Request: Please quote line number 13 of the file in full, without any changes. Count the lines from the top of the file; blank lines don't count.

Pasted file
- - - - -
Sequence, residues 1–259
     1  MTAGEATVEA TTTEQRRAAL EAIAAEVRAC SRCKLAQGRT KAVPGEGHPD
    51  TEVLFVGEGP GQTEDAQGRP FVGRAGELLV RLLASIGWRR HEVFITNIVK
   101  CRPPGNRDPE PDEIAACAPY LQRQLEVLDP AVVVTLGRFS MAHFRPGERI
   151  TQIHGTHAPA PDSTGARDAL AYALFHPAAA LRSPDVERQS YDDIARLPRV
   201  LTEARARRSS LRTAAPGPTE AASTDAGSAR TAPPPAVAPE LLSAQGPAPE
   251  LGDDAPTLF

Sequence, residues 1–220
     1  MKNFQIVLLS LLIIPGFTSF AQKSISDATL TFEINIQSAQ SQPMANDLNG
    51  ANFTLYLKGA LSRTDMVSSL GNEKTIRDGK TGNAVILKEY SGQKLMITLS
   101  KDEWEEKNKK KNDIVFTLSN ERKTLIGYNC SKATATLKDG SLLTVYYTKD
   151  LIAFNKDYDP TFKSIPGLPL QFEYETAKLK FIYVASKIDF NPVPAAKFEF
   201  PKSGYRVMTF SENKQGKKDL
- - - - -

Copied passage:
   201  PKSGYRVMTF SENKQGKKDL